No matter who got to direct The Last Airbender, one of the obvious problems the movie would have had to face is the task of condensing over 400 minutes of the seriesí first season into a movie. The series engages in a lot of side-storytelling, and even if this movie had been three hours long, many of the side-stories would need to be cut. Shyamalan makes the mistake of allowing only 94 minutes for the plot and the characters to develop, and the result is that they donít. It would have been a challenge to be sure, but the accomplishments of the Lord of the Rings and Harry Potter films prove that it is not by any means insurmountable. (And Peter Jackson arguably faced a much bigger challenge than Shyamalan.) Done right, The Last Airbender should have been a three hour movie. It should have cut out some of the more incidental escapades and characters, while still allowing the principals time and opportunity to flourish, grow and live. Although, considering how The Last Airbender ultimately turned out, perhaps itís for the best that it only runs for an hour and a half.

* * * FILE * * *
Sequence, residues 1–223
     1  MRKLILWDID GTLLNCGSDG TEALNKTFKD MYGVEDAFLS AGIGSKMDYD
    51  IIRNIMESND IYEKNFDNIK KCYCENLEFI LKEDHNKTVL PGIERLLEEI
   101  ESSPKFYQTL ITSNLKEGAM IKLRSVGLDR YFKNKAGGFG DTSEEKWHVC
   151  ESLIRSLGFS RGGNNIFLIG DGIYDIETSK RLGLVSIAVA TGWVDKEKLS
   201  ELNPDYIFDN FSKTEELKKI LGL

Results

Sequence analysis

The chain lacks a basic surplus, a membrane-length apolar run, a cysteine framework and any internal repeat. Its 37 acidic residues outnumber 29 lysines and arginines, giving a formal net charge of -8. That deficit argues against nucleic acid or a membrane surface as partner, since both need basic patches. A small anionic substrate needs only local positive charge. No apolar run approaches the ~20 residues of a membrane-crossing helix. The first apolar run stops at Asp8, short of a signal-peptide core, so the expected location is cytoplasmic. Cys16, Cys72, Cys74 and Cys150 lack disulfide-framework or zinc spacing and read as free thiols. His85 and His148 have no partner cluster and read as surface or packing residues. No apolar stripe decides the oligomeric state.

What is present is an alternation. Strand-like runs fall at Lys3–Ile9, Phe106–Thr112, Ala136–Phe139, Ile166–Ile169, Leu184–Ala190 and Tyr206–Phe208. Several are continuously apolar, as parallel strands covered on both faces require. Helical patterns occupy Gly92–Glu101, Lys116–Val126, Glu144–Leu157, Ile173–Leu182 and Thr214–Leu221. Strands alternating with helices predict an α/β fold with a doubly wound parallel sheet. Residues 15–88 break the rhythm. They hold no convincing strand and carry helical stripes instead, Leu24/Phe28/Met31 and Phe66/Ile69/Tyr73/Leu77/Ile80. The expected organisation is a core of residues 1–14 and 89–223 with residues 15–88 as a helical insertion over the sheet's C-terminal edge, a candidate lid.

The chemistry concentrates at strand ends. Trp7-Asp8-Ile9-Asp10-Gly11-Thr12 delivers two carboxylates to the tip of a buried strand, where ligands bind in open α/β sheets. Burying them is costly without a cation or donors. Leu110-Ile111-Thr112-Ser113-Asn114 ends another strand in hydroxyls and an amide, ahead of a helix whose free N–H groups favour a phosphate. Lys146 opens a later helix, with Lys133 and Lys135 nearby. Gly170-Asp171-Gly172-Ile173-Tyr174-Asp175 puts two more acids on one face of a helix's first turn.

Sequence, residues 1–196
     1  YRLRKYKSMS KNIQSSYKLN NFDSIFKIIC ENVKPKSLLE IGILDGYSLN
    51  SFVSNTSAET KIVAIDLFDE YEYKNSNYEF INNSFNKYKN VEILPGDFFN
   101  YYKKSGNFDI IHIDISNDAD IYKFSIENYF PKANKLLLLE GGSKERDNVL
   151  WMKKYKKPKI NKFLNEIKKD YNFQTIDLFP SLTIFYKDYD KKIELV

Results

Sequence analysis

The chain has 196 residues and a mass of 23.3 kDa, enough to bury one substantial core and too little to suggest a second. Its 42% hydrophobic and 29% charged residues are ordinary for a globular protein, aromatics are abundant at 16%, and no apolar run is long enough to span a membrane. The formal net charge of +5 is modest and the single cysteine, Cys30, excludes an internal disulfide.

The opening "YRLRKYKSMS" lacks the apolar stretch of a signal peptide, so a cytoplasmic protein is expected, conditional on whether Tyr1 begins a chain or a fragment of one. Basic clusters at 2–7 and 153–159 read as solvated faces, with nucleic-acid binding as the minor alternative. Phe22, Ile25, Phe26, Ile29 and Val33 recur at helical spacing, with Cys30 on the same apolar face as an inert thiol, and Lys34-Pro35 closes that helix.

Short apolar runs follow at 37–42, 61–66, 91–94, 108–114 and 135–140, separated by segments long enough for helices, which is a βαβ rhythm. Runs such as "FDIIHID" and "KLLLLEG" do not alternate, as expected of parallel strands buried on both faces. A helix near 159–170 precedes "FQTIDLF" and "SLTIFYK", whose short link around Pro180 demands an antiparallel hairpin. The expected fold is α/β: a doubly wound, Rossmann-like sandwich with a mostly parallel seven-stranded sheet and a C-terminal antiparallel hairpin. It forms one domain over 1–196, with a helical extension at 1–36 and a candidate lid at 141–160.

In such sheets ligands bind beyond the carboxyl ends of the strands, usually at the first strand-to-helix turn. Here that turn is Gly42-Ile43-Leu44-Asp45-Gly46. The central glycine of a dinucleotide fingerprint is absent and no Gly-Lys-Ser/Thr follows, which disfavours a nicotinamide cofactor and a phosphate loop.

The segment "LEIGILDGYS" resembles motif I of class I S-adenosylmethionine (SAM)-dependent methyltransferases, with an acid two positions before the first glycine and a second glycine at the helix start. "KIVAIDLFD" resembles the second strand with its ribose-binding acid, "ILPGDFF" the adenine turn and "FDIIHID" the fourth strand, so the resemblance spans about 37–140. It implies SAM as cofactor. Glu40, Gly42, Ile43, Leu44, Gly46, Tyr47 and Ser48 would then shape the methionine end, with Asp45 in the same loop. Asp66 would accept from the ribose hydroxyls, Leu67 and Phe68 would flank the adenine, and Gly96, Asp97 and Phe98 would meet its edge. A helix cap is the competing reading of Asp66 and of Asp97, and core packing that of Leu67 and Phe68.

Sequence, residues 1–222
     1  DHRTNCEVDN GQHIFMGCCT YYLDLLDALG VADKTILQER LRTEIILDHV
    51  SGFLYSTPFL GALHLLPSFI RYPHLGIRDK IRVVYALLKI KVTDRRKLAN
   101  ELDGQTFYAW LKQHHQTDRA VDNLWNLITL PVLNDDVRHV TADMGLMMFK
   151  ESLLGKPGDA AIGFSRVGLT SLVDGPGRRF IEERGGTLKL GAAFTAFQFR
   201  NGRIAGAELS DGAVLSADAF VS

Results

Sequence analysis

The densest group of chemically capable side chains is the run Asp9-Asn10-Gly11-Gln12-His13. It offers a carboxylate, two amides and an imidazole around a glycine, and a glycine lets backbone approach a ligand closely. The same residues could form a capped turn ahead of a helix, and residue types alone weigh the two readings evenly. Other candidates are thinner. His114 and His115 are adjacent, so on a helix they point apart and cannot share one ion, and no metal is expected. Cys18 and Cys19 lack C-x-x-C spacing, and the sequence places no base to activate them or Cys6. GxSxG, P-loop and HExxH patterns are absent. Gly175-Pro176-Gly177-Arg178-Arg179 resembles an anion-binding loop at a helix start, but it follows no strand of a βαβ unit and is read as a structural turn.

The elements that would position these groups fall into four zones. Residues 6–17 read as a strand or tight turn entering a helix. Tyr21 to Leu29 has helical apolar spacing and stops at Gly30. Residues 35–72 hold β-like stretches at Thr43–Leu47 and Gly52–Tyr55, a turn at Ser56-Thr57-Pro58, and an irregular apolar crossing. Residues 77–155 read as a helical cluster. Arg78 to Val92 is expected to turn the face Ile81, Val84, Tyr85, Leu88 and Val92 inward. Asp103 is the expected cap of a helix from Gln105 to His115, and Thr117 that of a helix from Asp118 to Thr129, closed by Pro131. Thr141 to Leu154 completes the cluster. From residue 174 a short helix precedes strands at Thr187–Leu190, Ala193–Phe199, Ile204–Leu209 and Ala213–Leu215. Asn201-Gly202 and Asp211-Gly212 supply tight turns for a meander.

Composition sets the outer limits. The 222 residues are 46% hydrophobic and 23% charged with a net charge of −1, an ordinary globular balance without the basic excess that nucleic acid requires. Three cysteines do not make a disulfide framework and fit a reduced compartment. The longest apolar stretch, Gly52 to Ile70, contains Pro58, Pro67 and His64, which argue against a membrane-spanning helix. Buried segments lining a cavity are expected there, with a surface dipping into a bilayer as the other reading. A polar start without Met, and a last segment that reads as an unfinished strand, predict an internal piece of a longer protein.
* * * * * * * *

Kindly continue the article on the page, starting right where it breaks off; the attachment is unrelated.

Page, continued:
Shyamalan not only failed to meet his challenges; he couldnít even get the easy stuff right. The Last Airbender is not only a bad movie; it utterly fails to even be an entertaining popcorn flick. The action is consistently unimpressive and the special effects seem as though they could have been done at least ten years ago, if not more. The soundtrack is composed with some technical skill but is conspicuously bombastic, a painful mismatch with the underwhelming fight scenes and broken storytelling. He didnít even have the courtesy to pronounce the following names correctly: Avatar, Aang, Sokka, Iroh, Agni Kai. This is so braindead simple. I have seen some ridiculous posts floating around the Internet that these are the ďreal, AsianĒ pronunciations and that the cartoon ďAmericanizedĒ them for ease of pronunciation. The cartoon is American-made, and the real pronunciations are the ones that people heard in the sixty episodes that they watched over the course of three years.